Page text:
Saturday, February 7, 2009

Wednesday, November 12, 2008

Thoughts about the election

It wasn't easy to watch such an intensely "American" event unfold on the television, thousands of miles away. I found myself longing to talk about it with anyone who would listen (and some people who probably preferred not to). It felt like an important moment for America, and I wanted to be there to be part of it.

There were a lot of things that I expected to make me feel homesick... but a financial crisis and a presidential election were not on that list. Strangely I felt the same way about the NYC blackout in 2003, which i was also abroad for.

The best email "forward" from the election was the one about the poster that read:

Rosa sat,
So Martin could walk,
So Obama could run,
So our children could fly

If its impossible for a white person to understand what this event means for black people in America, this line certainly helps me get an idea. It still gives me goosebumps to read it.

The most salient observation made from a friend came from Javier, who isn't even an American. He said that it was as if Americans finally realized that they dont get to live in the greatest country in the world just because its always been that way during our lifetimes - we finally "woke up" and realized that we had to fight for it. Maybe you need to be an outsider (and someone who has lived in a country that has seen ups and downs) to appreciate what a significant inflection point the US is actually in right now. Thank you, Javier.

I supported Obama. Not because I think he's going to save the world, and not because i hold McCain accountable for Bush's errors. I supported him because I think he believes what he wrote in his second book about our politics needing to move beyond the culture wars. I am not blind to the risks with Obama - particularly his views on trade and the possibility that Congress will push him to view his "mandate" as an opening to pursue a hard left agenda. To quote Obama, I have the "audacity" to hope that he will make the most of unique opportunity that fate has handed him: an engaged American population and a sea of goodwill across the world.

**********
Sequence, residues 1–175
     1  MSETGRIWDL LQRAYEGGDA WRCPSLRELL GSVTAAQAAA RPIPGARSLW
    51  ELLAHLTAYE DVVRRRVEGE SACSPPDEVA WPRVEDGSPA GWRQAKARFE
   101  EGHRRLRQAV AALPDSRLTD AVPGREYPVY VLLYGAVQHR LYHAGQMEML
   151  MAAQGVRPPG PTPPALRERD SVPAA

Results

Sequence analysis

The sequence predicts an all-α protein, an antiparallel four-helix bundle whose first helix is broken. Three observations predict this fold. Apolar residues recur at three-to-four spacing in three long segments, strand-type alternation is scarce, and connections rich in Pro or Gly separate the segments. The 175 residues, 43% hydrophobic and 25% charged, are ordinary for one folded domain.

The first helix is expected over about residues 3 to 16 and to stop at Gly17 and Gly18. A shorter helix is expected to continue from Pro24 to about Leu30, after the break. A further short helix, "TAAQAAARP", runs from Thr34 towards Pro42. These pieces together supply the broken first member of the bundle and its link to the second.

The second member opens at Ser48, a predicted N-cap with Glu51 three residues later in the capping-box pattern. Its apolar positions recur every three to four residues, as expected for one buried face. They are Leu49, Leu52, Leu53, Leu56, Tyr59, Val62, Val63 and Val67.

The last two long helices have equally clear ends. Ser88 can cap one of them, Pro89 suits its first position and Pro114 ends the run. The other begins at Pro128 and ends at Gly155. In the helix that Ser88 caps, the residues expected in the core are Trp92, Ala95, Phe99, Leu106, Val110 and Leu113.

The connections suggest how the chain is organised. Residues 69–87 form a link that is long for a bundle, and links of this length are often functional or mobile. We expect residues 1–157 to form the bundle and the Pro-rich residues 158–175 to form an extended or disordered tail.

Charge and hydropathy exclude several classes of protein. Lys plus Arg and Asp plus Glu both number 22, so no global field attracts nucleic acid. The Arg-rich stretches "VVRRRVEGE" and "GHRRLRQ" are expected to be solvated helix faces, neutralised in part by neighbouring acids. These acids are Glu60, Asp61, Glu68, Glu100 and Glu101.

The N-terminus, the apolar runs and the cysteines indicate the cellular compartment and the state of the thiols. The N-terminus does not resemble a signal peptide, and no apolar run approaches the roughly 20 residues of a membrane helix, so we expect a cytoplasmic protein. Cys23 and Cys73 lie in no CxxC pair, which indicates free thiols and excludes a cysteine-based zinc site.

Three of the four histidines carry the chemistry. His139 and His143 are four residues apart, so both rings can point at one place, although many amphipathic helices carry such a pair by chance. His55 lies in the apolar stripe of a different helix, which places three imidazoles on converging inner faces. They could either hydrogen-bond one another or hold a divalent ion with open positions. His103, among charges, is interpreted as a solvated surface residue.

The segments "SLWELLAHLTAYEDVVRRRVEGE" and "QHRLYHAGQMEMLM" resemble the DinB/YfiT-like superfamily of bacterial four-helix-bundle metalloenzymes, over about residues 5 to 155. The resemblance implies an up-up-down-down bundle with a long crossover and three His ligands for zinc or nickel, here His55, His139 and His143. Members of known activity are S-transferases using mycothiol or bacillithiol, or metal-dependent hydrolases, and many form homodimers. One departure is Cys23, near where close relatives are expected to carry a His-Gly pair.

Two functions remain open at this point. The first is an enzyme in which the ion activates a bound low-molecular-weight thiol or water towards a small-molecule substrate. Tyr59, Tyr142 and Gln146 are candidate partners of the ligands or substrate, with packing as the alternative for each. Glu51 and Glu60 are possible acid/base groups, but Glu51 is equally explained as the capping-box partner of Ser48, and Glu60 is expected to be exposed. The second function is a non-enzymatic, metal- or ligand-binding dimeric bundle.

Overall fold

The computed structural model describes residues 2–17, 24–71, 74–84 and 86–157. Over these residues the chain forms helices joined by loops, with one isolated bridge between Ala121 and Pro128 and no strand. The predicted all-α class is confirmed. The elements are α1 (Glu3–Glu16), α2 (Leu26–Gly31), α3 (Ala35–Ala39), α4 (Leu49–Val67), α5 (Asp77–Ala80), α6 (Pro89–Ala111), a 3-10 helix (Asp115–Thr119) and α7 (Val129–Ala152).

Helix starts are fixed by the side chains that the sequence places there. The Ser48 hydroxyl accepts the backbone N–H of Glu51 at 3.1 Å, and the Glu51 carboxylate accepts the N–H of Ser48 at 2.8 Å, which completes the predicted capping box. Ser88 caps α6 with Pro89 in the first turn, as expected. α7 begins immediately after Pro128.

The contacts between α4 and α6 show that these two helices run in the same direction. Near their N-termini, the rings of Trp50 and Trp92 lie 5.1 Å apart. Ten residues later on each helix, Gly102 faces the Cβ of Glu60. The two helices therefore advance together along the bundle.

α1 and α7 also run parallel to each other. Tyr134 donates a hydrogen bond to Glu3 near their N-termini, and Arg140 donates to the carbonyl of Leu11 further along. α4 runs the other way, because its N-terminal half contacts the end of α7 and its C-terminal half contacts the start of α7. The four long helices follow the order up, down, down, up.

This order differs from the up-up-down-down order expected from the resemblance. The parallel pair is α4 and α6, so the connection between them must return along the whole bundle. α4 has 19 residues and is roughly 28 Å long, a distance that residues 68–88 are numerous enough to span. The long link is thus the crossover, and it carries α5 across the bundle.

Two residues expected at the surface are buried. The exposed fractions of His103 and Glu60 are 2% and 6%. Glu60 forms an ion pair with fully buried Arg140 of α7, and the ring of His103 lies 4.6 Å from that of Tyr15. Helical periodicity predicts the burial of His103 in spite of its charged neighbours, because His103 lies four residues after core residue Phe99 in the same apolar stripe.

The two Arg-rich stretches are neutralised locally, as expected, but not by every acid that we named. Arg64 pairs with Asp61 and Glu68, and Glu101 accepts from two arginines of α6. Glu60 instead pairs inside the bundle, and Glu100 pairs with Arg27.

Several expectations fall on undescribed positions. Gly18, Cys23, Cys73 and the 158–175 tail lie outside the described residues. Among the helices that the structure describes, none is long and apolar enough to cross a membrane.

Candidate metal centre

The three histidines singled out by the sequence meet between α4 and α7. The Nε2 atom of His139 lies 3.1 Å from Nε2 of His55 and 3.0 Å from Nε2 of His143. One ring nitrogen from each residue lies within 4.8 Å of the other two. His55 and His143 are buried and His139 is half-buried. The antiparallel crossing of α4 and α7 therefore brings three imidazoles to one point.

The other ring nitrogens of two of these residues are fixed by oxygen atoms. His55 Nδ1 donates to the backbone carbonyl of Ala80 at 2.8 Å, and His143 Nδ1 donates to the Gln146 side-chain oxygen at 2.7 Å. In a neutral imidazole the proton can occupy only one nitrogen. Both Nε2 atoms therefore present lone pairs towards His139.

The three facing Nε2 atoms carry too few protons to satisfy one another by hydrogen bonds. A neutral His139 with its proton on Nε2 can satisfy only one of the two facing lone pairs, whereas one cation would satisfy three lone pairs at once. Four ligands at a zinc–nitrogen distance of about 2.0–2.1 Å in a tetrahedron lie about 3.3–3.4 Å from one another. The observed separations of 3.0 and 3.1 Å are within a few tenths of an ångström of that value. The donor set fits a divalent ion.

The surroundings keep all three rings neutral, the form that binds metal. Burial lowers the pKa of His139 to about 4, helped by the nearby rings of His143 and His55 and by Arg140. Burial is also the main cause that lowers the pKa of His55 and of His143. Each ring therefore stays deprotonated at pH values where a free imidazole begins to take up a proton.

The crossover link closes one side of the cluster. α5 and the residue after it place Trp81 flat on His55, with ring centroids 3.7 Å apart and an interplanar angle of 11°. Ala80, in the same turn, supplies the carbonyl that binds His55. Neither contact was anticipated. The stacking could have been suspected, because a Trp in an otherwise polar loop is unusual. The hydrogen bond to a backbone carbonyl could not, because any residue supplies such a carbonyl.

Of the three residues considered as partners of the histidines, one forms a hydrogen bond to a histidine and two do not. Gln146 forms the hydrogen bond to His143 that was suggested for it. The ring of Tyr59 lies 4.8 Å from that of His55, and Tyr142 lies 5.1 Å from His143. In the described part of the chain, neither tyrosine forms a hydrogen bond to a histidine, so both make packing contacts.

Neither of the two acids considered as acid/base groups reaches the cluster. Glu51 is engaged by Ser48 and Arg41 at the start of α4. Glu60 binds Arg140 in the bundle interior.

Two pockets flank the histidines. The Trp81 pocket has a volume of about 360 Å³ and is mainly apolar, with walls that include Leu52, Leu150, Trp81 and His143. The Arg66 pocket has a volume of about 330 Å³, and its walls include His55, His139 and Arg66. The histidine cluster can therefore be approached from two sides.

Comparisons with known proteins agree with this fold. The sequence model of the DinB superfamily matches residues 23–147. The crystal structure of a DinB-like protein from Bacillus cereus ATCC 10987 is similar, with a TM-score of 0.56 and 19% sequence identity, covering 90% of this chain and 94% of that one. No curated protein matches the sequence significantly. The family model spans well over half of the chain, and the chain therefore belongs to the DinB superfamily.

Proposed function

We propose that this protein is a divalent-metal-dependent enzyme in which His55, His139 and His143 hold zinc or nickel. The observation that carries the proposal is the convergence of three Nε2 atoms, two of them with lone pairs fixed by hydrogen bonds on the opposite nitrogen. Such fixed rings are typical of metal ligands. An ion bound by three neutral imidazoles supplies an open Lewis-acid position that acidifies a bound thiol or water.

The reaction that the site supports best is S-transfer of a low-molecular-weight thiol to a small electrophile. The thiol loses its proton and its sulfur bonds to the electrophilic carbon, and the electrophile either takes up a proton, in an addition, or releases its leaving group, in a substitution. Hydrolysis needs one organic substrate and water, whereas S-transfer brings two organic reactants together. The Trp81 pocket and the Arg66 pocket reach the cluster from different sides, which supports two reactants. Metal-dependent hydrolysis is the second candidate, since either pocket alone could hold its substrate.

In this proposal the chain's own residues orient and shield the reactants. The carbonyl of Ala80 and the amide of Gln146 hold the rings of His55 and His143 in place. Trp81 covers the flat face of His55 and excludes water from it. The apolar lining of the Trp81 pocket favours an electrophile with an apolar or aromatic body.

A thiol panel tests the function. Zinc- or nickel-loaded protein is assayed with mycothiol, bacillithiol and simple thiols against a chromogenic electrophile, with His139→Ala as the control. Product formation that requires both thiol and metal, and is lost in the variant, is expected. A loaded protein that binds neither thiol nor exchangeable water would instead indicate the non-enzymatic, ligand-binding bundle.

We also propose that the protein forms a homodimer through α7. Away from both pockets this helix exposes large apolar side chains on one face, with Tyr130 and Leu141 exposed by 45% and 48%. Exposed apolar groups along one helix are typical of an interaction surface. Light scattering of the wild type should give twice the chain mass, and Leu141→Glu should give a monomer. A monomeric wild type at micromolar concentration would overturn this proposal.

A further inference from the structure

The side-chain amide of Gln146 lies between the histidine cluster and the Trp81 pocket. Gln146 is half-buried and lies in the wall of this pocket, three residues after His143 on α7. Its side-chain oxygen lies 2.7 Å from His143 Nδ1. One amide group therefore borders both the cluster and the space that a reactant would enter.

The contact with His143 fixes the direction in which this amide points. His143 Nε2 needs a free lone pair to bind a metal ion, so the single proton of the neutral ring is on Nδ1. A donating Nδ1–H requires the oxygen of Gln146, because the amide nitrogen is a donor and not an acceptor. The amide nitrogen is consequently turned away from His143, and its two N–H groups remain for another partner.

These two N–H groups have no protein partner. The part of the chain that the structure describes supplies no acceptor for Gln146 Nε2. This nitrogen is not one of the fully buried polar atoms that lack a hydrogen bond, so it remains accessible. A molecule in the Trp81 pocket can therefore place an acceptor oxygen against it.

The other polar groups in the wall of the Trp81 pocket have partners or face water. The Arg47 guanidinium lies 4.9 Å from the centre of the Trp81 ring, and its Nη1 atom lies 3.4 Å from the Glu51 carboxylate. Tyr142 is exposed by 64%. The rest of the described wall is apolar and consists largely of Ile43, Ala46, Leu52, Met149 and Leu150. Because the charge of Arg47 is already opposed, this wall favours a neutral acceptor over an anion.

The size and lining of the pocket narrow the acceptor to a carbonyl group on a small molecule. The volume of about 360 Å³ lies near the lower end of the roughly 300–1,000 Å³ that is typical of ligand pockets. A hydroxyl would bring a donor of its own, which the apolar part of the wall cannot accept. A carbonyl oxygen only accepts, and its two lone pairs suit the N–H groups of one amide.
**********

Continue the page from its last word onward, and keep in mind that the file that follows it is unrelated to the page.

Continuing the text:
I also really hope McCain and Hilary Clinton seize the opportunity they have - to unite our country in a time of crisis and solve our big problems.

As for Palin: its NOT her lack of experience, its NOT that she hunts and kills animals, and its NOT that she cant keep it together during an interview with Katie Couric. She simply epitomizes what is holding our great country back from meeting its potential. We need to move on from the cultural arguments about abortion and gay rights, because there is no middle ground. If you disagree with me on these topics, there is nothing i can say to try and change your mind. So lets just move on. She was and continues to be "unqualified" to lead our country for the same reason Hilary Clinton is - too many Americans are unable to even consider giving her the benefit of the doubt.

Monday, March 3, 2008


Sara and I had a "weekend escape" to Prague this past weekend to celebrate her birthday. This is part of our plan to spend all our money and visit as many European cities as possible. So what if we cant afford a house on Long Island when we get back home???

So Prague, as anyone who has been there can attest, is really one of the quintesential "European" cities. It escaped being a major part of any of the 20th century wars, and as a result has kept its historical character. It is without a doubt a beautiful place to visit, and all the locals are super friendly and English-speaking. Its not as cheap as it used to be though - meals were on average around 1000-1500 koruna, and beers or coffee typically 150-200 koruna. For our visit, the relevant exchange rates were 16:1 for USD, 25:1 for EUR and 30:1 for GBP. It used to be MUCH cheaper.

Most people will tell you that there are three "must-do's" in Prague: the Castle, the Bridge, and the Clock. To that list, for anyone with even a remote interest in history and culture, the Jewish Museum must be added. Aside from perhaps the concentration camps themselves (which we have yet to visit), there is nowhere else in Europe where the tragedy of the holocaust is so "alive", since you are literally walking in the day to day footsteps of people who lived relatively ordinary lives before the Nazi's came along. To be honest, it is more "real" than even Yad Vashem or the various Holocaust museums in the US, because the exhibits are real places where real people lived. Especially for non-Jews, the museum is a tasteful and comprehensive exhibit to Jewish culture and history in Europe, and one that should be part of any visit to Prague.

Monday, February 4, 2008


Thank you, 2007 NEW YORK Giants. On behalf of NY sports fans everywhere, thank you for finally stopping this boston sports run. This Yankees fan will be wearing Giants blue in your honor tomorrow.

Friday, January 25, 2008

What about the other 6,399 people who died on Tuesday (on average)...

For the record, i had no clue who Heath Ledger was. I will now crawl back under my rock.

Oh, and this will be a recurring theme: google and the internet are simply amazing tools, and even more amazing is that someone else foots the bill for all of us to use them. You can google "daily mortality rate" and poof: on average, 6,400 people die each day in the US.